It’s been tough. As a member of the LGBT+ community, that all our venues, where we feel safe and make connections, were shut down. However, in a way, clubs being closed has meant that I have got to know my flatmates better, as it’s quite tricky to get to know someone in a club; you can’t talk!
Apart from going to the library and food shopping, I’ve probably left campus around seven times since starting at university.
It’s been weird and crazy times; everyone I know has been making the best of the situation. However, we’ve all suffered under the pandemic and lockdowns. It can get toxic at times. Students have been riled up and anxious, all cooped-up together. Our mental health has often hit an all-time low.
Tensions have built between students, security guards and the police.
Last month, we woke up to fences being erected around our accommodation with no prior warning. Confusion and anxiety rippled at unrivalled speed throughout campus. A protest was organised for 8pm that first night.
As the university continuously ignored our demands, we had no choice but to escalate our protests
The turnout was incredible; a real community sentiment began, rooting the foundation for future action. After a few speeches, we marched through campus and ripped down the fences. This had to be the most memorable event so far, the atmosphere was completely buzzing.
The UK is on the verge of experiencing its biggest student revolution of the last ten years, with more and more universities rent striking. Like many other students, I withheld my rent payment in October with a demand of a rent reduction. This is mainly because we are paying more than last year’s students with reduced facilities and experiences due to Covid-19.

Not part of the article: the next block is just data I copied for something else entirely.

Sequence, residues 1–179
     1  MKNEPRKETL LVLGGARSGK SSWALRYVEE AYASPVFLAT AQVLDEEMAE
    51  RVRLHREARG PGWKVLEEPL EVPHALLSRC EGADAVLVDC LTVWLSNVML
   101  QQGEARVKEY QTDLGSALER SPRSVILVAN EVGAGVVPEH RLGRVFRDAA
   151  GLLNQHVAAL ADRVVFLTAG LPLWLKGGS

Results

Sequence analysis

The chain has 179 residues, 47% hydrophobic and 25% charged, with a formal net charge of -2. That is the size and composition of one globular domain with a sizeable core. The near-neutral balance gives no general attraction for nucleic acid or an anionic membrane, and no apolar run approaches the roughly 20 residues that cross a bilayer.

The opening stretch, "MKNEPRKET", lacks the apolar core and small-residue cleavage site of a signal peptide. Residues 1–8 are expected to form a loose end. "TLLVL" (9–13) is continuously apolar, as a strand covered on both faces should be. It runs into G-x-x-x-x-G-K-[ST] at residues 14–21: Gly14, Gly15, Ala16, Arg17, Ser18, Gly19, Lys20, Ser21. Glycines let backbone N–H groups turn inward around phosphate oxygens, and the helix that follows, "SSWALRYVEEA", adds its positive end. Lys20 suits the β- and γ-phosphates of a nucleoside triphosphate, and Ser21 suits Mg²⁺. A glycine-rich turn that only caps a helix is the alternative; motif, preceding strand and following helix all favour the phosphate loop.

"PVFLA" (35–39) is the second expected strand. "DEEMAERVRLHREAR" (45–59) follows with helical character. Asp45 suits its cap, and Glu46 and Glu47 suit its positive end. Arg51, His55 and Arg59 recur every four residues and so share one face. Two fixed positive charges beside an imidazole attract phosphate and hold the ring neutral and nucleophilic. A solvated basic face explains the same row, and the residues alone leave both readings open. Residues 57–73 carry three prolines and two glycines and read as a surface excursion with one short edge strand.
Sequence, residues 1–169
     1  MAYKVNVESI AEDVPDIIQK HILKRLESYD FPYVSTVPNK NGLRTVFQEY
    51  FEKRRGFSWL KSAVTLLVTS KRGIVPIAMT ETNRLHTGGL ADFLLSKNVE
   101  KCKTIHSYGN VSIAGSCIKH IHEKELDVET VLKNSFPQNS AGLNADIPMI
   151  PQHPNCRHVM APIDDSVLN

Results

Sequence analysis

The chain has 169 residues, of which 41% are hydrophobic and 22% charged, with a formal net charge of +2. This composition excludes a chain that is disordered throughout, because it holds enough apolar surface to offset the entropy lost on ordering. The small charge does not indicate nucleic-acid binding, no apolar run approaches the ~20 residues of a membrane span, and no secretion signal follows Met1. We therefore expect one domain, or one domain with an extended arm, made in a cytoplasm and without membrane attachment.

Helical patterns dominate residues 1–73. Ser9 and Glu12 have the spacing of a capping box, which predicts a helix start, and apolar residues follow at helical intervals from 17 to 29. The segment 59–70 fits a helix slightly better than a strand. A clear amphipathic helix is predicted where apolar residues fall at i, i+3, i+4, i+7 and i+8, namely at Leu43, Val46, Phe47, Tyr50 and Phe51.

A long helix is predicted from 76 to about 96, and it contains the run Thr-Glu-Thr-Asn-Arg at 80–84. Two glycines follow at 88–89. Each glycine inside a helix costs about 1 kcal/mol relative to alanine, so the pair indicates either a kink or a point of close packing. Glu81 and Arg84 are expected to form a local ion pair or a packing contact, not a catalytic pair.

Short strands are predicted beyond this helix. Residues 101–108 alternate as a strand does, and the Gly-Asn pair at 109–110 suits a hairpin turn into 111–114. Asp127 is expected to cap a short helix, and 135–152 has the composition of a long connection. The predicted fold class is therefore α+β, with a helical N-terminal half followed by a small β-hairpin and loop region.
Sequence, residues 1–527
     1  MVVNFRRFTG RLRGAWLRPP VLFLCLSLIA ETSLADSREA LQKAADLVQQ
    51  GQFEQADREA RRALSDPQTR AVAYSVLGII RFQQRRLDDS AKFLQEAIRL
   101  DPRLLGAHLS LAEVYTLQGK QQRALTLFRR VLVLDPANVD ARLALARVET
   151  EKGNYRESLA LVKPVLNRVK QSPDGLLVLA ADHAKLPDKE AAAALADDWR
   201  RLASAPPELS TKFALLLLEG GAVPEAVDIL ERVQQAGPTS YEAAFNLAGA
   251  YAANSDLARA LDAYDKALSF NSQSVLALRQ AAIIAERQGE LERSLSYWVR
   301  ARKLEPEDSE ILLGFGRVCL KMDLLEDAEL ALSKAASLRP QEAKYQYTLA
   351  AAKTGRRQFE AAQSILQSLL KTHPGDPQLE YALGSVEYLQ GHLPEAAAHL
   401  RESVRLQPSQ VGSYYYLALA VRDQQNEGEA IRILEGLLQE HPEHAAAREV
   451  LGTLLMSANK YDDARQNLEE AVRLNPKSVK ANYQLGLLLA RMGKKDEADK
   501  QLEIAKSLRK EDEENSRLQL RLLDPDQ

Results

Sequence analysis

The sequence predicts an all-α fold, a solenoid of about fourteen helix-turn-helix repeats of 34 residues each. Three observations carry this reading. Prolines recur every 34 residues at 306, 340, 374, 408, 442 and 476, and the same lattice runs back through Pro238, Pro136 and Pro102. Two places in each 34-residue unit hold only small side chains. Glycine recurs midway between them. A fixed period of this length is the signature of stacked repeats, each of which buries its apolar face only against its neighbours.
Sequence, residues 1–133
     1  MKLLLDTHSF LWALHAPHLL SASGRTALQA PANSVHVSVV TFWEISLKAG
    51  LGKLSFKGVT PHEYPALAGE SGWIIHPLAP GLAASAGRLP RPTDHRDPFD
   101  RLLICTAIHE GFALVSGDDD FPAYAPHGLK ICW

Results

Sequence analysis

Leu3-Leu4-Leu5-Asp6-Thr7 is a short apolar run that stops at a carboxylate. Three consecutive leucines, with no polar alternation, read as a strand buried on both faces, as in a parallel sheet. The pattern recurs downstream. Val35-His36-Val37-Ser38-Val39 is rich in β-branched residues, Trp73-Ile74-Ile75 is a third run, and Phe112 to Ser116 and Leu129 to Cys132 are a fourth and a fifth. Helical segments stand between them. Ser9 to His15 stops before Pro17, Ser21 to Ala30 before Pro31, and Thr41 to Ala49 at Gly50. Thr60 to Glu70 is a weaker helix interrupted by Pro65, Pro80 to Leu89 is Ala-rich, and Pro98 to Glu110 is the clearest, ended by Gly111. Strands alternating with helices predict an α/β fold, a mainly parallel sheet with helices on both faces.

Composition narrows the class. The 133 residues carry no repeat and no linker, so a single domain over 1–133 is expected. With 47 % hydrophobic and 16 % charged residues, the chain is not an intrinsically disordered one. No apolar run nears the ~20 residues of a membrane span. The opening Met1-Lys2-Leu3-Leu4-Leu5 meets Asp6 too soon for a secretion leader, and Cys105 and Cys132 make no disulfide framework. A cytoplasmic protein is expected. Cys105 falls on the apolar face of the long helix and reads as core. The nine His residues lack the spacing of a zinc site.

As the uni continuously ignored our demands, we had no choice but to escalate our protests. The rent strikers began to occupy the disused tower accommodation block. I spent a night in there as well. After 13 days of occupation, the university caved in and offered a 30% rent reduction. This was a very emotionally-charged moment. We had won.
As a result of our campaigning, hard work and dedication to the cause, we had saved students at Manchester £600-£900 each, totalling £12 million.
We’d secured the biggest rent strike victory in UK history. As the days passed following our triumph, more and more universities started organising rent strikes: Sussex, Cambridge, Bristol, Edinburgh, Goldsmiths and many more. Manchester students have been the catalyst for national action.
One of the main things I’ve learnt from my short time, at university is that People Power works. This massive protest, which has now reached a national scale, was started by only a handful of us.
I have always been into politics and a campaigner but never truly believed that action could ever change things. Clearly, I was wrong. I will never stay quiet again if I witness something I fundamentally disagree with. I will never stay silent if I believe something to be so utterly unscrupulous that it must change. I will never again stand aside!
Barnaby is a student at the University of Manchester, studying Politics, Philosophy and Economics. He is half-French, loves travelling and aspires to travel to every country in the world. Currently, he has been to 28 out of 196.